From Wreck to Redemption:
The Joy & Pain of Extreme Racing
by: Bobby Miller
Fall is a busy time on the East Coast for the Class 5 extreme racer. There are a multitude of challenging races to hit, starting with the King of New York series on Labor Day weekend and culminating with perhaps the most challenging whitewater race in the world, the Green Narrows Race in North Carolina. This mile-long course is stacked with rapids, like Gorilla and Go Left, that will beat down paddlers, even when they aren’t exhausted from racing. The standard time to shoot for to achieve greatness is under 5 minutes, and those that accomplish this feat receive their “Class 5 certification.” This was certainly my goal when I went down for the race in 2015. However, I fell victim to the menacing consequences of an error in Hot Left (the race line at Go Left). This beat down caused me to swim and thus sent me on a long journey down the Boulevard of Broken Dreams. I was left with a year to wonder about what could have been before I could test those waters again.
2016 brought a lot of promise for me and my racing. I was focused on the Green Race and had a bunch of strong finishes in other races to my credit. I had logged countless attainments, even going out at 4 a.m. on a regular basis to paddle upstream in the darkness, when paddling didn’t fit into my schedule during daylight hours. All of the time spent carrying a log on my shoulders through the snow and chasing a chicken around my backyard was paying off, and I was feeling fast enough to catch greased lightning! Just a few weeks before the Green Race, I won the Ohiopyle Falls Race, so I was riding a wave of confidence that I expected to carry me not only to a sub 5 minute run, but also a top 20 finish.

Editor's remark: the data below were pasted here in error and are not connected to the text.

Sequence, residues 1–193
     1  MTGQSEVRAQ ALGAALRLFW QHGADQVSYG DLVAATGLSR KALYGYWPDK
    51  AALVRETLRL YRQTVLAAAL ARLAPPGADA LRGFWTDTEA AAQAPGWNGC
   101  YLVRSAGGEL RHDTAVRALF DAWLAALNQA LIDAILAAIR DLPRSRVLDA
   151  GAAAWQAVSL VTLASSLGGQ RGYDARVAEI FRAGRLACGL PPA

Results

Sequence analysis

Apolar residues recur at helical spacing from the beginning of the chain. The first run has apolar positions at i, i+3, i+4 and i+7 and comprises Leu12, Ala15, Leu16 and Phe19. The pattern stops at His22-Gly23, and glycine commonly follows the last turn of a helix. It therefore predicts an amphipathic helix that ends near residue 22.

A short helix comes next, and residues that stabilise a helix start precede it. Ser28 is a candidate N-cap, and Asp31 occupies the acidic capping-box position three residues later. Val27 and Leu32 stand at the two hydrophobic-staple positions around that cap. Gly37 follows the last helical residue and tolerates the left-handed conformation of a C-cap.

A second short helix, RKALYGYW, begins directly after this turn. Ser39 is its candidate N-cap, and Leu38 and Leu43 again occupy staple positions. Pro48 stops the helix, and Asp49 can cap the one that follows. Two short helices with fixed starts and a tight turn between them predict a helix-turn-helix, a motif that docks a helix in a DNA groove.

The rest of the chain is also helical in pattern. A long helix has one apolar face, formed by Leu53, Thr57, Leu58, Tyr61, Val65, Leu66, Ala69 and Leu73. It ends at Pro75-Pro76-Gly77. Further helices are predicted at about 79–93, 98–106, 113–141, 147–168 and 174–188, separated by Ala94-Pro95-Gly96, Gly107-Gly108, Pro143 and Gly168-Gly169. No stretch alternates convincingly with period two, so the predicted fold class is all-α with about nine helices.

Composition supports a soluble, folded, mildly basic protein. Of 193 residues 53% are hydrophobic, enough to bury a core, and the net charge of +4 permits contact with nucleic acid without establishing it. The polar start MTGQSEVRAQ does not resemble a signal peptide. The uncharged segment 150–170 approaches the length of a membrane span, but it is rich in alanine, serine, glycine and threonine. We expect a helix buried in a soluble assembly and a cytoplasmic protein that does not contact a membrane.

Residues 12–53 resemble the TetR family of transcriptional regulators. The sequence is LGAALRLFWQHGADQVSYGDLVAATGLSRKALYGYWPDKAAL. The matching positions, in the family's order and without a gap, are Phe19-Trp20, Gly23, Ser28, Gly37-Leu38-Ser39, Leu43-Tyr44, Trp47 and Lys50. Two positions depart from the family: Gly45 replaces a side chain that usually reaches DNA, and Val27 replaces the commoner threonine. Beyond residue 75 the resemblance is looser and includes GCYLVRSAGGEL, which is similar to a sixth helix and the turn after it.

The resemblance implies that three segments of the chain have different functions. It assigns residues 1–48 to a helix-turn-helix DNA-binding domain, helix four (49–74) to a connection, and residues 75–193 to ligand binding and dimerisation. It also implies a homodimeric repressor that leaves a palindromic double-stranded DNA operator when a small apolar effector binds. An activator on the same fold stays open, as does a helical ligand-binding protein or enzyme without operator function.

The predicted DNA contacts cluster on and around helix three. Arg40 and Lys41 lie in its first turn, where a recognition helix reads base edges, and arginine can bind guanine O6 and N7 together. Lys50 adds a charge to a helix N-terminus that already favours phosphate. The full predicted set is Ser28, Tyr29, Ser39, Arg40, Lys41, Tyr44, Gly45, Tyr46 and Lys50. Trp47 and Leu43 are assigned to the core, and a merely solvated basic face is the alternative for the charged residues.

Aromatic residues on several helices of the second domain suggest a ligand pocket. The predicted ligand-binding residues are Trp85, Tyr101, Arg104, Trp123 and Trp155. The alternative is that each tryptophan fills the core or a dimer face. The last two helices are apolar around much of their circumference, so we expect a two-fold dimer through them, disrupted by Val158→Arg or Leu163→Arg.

With race day finally here, around 2:30, I was in the starting gate. There was one question on my mind, “Would I risk it again and go for Hot Left or run the higher percentage but slower standard line at Go Left?” I knew in my heart of hearts that I could play it conservative at Go Left and still easily make the sub 5 mark. However, I also know that I am more than capable of nailing that line and taking the conservative line would be admitting that I was not good enough. I knew there was no choice to be made. It was my destiny, I had to ace Hot Left or go down in a dumpster fire trying!
It was my turn, I headed out paddling hard and poised to methodically dissect this intricate maze drop by drop. All was going well until I reached Go Left. I was determined to fix my line from last year’s race so I boofed extra hard off the approach drop. This well timed boof lined me up to hit the line as I dropped over the log and into the meat of the rapid. I was happy that I had hit the line but before I knew it, my upstream blade was caught by a paddlesnake and I rolled upstream as I fell off the drop. When I tried to set up to roll, I hit my head and it knocked me back out of position. With a lack of oxygen and the feeling of being sidesurfed above the slot, I decided my only recourse was to yet again pull my skirt. As I started to pull, I realize that I had given up too soon because my boat was already accelerating downstream. I swam to shore, embarrassed and heartbroken. I eventually retrieved my boat and finished the race. The paddle out was a lonely one, even with over a thousand spectators and hundreds of boaters on the river that day. A million thoughts ran through my mind. I knew the conservative line would likely have yielded better results but how could I ever truly claim success in the Green Race without succeeding where I had failed before. The age old philosophical question begged to be asked, “Is it nobler to beater the hero line or hero the beater line?”